The Switch

I’m not sure how other parents feel about TV, but I am not under the impression that it is melting my kid’s brain. Her brain is fully intact and there is no evidence of leakage, so I believe this whole idea of TV being “bad” is really just made up bullshit by the same parents who want me to shop exclusively at Whole Foods and use Toms toothpaste.

The subject of television came up at a little shindig I was at last night; a party at Maddy’s friends house from school where the kids watched a movie/played and the parents hung out. I gotta say the party was better than expected and the parents were raging- one dude brought a bottle of tequila and I felt this was the kindof kid party I could get behind. ANYWAYS, I was talking to one dad about TV and we both agreed that TV is wonderful and both of us have children who are alive and thriving despite watching television on a regular basis. So basically I have gathered all the evidence I need to support my case.

All of that said, we have a little situation going on lately where anytime Maddy is allowed to watch a show, she becomes evil. When I say evil, I am not exaggerating. Something chemical happens inside and she is straight up AWFUL. It’s as if she drank that bottle of tequila and is totally gonezo. For example, I put her in a time-out the other day as a result of her show-induced evilness, and she goes in her room, turns around and says “OH yeah? Well if you are gonna put me in a time-out, I am gonna pour water all over this room”. I quickly reminded her if she did that then I would end her, and she ended up not pouring water all over the room. This is a super minor/low-key example of her evilness but it gives you an idea of what we are dealing with.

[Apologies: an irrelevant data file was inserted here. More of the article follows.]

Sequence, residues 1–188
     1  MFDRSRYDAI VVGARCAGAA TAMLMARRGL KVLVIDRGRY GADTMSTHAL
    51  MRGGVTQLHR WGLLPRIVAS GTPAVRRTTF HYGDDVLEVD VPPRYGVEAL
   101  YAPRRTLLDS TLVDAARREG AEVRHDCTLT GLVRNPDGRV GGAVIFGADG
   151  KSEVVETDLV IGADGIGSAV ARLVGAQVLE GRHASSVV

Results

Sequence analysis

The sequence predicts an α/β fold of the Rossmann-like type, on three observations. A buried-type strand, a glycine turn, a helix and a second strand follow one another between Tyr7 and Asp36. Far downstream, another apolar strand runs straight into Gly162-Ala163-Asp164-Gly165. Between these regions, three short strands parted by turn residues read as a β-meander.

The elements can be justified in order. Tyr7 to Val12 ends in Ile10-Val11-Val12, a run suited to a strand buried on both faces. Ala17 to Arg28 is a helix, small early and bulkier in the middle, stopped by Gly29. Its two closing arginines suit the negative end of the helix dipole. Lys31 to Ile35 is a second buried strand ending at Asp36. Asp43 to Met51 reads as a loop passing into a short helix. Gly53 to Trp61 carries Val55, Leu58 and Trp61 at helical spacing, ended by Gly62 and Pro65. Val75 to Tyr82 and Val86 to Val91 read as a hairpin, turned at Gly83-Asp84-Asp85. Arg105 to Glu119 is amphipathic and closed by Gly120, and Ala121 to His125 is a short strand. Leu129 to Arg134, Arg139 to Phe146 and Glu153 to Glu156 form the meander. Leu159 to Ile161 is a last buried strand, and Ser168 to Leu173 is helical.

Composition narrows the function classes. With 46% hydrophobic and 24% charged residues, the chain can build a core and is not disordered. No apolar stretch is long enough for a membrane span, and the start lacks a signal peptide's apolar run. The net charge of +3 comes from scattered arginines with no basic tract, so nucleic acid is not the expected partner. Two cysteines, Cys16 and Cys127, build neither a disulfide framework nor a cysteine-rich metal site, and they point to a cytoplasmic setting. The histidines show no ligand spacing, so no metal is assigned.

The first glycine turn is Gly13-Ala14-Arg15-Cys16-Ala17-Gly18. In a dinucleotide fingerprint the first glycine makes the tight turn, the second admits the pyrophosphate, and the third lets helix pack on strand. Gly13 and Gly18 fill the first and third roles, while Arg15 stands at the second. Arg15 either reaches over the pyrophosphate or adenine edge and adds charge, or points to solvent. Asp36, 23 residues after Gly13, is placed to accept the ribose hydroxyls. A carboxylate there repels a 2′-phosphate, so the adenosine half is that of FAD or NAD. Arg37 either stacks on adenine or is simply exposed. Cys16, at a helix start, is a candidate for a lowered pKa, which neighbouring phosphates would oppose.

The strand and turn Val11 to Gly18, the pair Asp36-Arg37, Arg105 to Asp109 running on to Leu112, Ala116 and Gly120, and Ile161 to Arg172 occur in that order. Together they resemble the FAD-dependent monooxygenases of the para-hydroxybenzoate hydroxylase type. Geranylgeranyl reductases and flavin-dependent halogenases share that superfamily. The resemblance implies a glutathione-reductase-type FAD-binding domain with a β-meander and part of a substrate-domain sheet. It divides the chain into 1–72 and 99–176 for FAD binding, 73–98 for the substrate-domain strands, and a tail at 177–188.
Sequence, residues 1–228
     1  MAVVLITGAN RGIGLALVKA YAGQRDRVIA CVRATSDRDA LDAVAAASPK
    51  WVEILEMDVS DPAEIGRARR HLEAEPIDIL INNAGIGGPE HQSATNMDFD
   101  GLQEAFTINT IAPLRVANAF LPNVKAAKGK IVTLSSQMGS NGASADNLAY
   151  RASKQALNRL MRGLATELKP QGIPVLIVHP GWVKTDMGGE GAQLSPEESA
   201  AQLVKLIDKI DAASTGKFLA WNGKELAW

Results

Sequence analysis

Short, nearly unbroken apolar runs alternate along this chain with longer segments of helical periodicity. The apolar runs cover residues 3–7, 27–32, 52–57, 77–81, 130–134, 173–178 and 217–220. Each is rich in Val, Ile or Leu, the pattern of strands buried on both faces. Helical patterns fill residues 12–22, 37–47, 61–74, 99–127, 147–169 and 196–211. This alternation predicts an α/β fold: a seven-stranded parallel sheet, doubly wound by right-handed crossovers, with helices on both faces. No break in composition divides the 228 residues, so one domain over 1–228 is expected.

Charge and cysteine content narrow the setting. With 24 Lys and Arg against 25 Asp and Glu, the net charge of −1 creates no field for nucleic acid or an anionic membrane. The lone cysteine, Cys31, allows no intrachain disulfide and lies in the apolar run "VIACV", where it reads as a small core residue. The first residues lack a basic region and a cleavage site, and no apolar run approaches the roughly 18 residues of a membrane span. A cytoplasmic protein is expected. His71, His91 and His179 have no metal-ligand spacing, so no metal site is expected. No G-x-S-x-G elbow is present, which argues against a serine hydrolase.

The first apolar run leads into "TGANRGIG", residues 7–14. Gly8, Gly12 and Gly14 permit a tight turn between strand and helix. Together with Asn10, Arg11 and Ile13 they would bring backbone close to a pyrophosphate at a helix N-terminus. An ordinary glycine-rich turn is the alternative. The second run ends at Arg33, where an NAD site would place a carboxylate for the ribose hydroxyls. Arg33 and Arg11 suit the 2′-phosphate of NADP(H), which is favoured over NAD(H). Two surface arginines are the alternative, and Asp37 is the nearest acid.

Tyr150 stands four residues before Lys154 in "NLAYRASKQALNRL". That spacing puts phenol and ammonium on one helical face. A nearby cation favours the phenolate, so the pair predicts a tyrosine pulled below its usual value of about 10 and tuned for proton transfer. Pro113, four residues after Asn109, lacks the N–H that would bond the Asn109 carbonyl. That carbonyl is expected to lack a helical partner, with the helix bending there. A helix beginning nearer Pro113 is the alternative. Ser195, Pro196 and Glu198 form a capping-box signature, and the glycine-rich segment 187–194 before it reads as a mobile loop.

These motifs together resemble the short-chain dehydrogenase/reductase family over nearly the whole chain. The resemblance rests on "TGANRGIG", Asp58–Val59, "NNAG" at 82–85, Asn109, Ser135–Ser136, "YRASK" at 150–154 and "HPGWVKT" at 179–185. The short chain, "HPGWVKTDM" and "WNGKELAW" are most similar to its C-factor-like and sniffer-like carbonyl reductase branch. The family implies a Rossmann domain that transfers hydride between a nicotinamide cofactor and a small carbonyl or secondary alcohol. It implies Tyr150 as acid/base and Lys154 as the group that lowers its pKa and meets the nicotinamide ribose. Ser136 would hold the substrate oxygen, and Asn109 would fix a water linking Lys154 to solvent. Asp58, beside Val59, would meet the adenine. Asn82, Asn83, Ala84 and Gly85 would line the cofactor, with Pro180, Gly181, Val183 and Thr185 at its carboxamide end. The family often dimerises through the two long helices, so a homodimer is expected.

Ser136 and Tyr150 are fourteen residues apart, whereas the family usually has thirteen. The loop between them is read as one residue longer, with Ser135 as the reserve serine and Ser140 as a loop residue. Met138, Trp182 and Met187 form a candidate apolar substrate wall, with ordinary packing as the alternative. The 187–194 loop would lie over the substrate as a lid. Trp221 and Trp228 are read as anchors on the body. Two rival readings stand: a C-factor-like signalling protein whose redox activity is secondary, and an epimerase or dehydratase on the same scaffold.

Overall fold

(This is how I would describe what happens to Maddy^)